Obtain medication/incident history before Dexamethasone​ administration to avoid error and the need to self-report.

Prescribed PO/IV/IM Steroid Medications​

PREDNISONE – Potent anti-inflammatory steroid used to treat many conditions ie: inflammation in different parts of the body.

METHYLPREDNISOLONE (Medrol) Potent anti-inflammatory steroid used to treat many conditions ie: Arthritis, intestinal disorders, etc…​

DEXAMETHASONE – Potent anti-inflammatory steroid used to treat severe allergies, asthma, COPD, croup etc.

Dexamethasone administration may alter the
intended dosing of already prescribed steroid medications. THEREFORE Patients actively taking these medications​ are CONTRAINDICATED for prehospital Dexamethasone administration​

Other Commonly Prescribed Steroid Medications ​

CORTISONE – Joint injections ​

FLUCTICASONE (Advair), SYMBICORT – Inhalers commonly used in Asthma and COPD patients​

ANADROL (testosterone therapy) – Anabolic steroids​

HYDRICORTISONE – Topical Steroid Cream

Patients actively taking these kinds of steroids are NOT CONTRAINDICATED​ with Dexamethasone administration

Croup Case ​​

You are dispatched Code 4 to a residence for a 5 yr old SOB. Upon entering the residence, you hear a barking cough. Caregivers tell you the child was seen in the ER approx. 28 hours ago. They are concerned the patients SOB and cough have worsened and are requesting you treat their child with medicine like the DR did. They tell you it seemed to help before. You perform a thorough assessment. ​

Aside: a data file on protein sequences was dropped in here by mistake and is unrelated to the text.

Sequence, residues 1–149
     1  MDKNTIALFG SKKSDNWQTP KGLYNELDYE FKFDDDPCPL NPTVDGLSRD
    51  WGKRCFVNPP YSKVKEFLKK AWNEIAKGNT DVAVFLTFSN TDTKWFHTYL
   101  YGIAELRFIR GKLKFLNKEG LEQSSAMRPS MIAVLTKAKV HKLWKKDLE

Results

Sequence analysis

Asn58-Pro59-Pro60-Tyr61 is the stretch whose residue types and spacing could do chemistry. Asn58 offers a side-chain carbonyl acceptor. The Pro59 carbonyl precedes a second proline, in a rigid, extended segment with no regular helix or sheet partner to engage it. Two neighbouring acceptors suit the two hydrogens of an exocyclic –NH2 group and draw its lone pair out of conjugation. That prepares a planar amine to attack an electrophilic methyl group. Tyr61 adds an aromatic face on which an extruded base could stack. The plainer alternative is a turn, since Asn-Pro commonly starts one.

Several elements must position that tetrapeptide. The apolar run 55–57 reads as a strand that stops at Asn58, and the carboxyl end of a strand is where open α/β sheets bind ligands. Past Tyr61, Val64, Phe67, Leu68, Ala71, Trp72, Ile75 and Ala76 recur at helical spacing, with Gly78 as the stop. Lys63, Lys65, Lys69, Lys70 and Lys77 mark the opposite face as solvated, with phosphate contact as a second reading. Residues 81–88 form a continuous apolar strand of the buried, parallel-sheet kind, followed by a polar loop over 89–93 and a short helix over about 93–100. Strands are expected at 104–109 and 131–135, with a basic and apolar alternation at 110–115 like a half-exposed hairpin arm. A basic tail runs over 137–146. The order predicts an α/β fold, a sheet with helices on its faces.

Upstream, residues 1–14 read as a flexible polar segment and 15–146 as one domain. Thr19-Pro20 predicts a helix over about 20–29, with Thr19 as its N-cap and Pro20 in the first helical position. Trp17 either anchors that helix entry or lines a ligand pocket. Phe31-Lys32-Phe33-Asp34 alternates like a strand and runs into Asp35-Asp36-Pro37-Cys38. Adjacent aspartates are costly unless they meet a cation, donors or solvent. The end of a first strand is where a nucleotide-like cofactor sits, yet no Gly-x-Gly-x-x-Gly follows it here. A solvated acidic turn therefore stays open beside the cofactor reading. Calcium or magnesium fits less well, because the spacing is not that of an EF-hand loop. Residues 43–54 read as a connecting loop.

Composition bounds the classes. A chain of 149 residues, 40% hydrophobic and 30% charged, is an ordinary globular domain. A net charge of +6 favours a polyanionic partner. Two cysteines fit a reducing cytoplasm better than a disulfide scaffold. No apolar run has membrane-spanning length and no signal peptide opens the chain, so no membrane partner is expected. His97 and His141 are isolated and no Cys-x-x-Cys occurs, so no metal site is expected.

Medical History Unwell for 2 days fever, runny nose, seal like cough ​

Allergies – None​

MedicationsNone prescribed, Tylenol as needed for fever, Dexamethasone admin at ER approx. 28 hours ago ​

 patent, audible stridor B- rapid & shallow, nasal flaring C- strong radial pulses​

unaltered GCS- 15 RR- 36 SPO2 – 94% HR- 128 BP-108/64​

SKIN cyanosis to lips, pink warm and dry TEMP- 38.0 PUPILS- 3 PEARL​

General Patient sitting upright, in obvious distress​

H/N barking cough, nasal flaring noted, cyanosis to lips​

Chest inspiratory and expiratory stridor​

Abdomen noted belly breathing, no nausea/ vomiting​

Extremities unremarkable, cap refill normal

Does your patient qualify for Dexamethasone administration?​

First line treatment for this patient will be nebulized Epi.

NO, this patient does not qualify for Dexamethasone administration. Even though they are less than 8 yrs, HR is <200 and stridor is present with a Hx of URTI and barking cough. Through your medication/incident history taking you discovered this patient received steroids within the last 48 hours and therefore administration would be contraindicated.